The Court, however, thought otherwise, and refused the application. Mr. Justice WILLS said that in his opinion no "rent" was payable at all. The payments to be made were not a "rent," and could not be distrained for as such.
Mr. Justice WRIGHT agreed, and added that it did not appear that the payments to be made by the tenant for rates other than those for which he himself would be liable exceeded £20 a year.
Application accordingly refused.
-(T. L. R., Q. B. D., vol. x., p. 68.)
[IN THE COURT OF APPEAL.]
HILL v. THE WALLASEY LOCAL BOARD.
[OCTOBER 30TH, 31ST, AND NOVEMBER 16TH, 1893.]
APPEAL FROM THE CHANCERY DIVISION.
Local Authority-Water Supply-Landowner-Private Road—" Street" -Power to carry Water Mains under Street-Consent of OwnerNotice-Waterworks Clauses Act, 1847 (10 & 11 Vict. c. 17), ss. 28, 29, 30-Public Health Act, 1875 (38 & 39 Vict. c. 55), ss. 4, 16, 54, 57.
A local board, who were the urban sanitary authority for their district, and also undertook the supply of water thereto, entered upon a freehold private road, and proceeded to dig a trench and lay down water mains therein without any previous notice to the owner of the private road, who brought an action to restrain the local board from proceeding with the works.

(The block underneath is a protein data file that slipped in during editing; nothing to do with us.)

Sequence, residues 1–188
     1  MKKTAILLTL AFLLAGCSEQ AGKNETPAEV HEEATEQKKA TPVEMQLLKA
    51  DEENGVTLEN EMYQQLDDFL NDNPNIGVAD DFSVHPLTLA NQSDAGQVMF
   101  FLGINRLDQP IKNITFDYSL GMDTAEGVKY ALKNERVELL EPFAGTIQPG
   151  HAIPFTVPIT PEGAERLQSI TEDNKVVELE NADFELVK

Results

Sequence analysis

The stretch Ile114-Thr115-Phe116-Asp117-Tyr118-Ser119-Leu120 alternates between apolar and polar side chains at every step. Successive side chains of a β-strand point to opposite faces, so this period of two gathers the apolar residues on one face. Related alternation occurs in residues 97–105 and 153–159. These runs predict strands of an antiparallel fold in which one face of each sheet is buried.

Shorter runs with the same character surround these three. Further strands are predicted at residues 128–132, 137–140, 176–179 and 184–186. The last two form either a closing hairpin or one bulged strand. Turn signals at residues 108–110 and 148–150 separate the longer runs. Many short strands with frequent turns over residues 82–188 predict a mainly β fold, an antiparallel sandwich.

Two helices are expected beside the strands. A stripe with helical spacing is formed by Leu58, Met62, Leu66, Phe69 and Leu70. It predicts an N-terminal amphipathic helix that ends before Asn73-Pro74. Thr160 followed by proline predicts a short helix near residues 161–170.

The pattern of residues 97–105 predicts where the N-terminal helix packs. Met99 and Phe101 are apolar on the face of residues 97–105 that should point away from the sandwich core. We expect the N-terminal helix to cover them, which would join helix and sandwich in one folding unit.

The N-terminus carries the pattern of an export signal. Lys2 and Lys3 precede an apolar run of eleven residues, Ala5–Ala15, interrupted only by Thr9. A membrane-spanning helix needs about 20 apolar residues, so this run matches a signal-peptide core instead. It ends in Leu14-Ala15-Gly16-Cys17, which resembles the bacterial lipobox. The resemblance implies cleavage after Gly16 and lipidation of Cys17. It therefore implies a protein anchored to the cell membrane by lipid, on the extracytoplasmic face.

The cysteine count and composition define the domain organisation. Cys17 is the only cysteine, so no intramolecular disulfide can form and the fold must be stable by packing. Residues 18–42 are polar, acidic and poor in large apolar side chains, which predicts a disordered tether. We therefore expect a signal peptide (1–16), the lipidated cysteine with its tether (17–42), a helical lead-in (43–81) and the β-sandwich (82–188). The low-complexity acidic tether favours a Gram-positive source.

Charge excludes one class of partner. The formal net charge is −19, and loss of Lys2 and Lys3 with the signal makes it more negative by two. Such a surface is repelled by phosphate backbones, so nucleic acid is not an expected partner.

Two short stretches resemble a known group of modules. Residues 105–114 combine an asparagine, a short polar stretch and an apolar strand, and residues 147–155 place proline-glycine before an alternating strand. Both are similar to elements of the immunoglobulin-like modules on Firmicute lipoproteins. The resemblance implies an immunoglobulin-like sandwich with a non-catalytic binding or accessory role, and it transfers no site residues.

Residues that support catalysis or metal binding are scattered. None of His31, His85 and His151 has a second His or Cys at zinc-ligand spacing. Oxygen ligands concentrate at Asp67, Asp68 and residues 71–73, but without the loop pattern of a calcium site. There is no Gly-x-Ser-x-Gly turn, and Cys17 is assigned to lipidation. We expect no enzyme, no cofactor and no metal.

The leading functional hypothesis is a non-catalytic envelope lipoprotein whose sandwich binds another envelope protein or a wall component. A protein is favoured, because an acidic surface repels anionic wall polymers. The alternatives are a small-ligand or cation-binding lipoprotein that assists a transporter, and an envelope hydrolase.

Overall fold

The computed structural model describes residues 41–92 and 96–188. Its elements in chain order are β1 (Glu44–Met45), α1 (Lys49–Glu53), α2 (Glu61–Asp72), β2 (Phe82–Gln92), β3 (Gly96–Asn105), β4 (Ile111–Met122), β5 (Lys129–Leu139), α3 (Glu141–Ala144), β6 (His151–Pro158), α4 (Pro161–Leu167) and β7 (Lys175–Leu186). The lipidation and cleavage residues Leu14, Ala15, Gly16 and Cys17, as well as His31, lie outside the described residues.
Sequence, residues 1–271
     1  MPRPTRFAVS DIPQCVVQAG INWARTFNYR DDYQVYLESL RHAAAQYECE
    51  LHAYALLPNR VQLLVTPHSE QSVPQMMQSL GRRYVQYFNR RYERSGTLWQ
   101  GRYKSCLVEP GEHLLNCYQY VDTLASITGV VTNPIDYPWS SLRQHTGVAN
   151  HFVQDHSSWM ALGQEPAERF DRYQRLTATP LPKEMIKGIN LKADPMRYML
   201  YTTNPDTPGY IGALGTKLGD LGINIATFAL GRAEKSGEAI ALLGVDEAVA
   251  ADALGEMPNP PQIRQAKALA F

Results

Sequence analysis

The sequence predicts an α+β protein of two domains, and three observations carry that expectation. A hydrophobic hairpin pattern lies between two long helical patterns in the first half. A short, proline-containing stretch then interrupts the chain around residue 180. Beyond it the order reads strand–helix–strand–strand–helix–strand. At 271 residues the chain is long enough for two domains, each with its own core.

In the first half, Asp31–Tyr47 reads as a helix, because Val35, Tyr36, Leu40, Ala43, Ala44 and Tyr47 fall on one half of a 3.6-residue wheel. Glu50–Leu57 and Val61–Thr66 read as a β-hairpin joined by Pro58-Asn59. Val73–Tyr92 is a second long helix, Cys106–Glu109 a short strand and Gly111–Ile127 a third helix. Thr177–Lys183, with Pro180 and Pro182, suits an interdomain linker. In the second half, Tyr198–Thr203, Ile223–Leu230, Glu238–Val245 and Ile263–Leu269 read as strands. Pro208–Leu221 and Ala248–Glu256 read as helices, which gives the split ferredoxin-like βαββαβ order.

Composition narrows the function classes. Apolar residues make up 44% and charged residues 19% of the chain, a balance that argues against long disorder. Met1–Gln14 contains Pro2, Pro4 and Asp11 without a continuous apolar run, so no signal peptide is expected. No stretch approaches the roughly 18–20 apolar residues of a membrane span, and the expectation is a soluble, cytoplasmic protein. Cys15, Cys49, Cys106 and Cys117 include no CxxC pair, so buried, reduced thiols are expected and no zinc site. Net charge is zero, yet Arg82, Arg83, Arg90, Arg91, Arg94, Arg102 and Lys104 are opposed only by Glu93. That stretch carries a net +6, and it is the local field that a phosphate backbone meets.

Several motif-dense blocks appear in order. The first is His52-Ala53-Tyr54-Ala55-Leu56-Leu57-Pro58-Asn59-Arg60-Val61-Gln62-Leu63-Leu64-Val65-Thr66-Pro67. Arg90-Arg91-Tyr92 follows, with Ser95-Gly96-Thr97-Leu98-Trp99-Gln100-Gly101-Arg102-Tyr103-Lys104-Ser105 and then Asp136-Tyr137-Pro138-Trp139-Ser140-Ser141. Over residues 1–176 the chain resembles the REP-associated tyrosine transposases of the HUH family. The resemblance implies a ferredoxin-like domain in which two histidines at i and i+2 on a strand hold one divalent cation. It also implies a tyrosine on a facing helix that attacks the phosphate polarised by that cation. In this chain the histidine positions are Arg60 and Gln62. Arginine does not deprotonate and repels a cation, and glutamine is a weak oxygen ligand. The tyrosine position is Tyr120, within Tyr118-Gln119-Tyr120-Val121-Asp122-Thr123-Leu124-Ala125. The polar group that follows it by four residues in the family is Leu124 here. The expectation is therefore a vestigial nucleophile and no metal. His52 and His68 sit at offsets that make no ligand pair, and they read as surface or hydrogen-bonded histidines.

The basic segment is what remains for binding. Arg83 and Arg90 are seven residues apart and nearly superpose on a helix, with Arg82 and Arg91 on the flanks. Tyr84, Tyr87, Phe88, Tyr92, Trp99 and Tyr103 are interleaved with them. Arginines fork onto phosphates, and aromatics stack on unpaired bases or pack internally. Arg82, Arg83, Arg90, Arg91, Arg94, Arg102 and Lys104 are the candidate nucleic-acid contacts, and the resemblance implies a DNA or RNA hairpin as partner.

Held, (SMITH, L.J. dissentiente), that the defendants were a local authority, having control of the streets in their district, and the powers conferred upon them by sect. 54 of the Public Health Act, 1875, were not restricted by sect. 57; and that, therefore, the plaintiff was not entitled to an injunction.
-(L.T., vol. lxix., N.S., p. 641.)
Decision of Romer, J., reversed.
THE HALKYN DISTRICT MINES DRAINAGE COMPANY, APPELLANTS, v. THE ASSESSMENT COMMITTEE OF THE HOLYWELL UNION AND THE OVERSEERS OF HALKYN PARISH, RESPONDENTS.
SAME, APPELLANTS, v. THE SAME ASSESSMENT COMMITTEE AND THE OVERSEERS OF NORTHOP PARISH, RE
APPEAL FROM THE QUEEN'S BENCH DIVISION.
[NOVEMBER 21st, 1893.]
(For a previous stage of this Case, see page 267, ante.)
The Duke of Westminster made a tunnel on property belonging to him for the drainage of certain mines and by a deed made between himself and the appellants he granted to them certain rights of use over the tunnel. In respect of these rights the appellants were assessed for poor rate, and upon an appeal by them a special case was stated by the Court of Quarter Sessions for the opinion of the High Court. The Queen's Bench Division held that upon the construction of the deed the appellants were in exclusive occupation of the tunnel and were liable to be rated in respect thereof. On appeal to the Court of Appeal:
Held, that upon the true construction of the deed, the Duke had only granted to the appellants an easement in the tunnel, and the appellants having only an easement were not liable to be rated.
Judgment of the Queen's Bench Division reversed.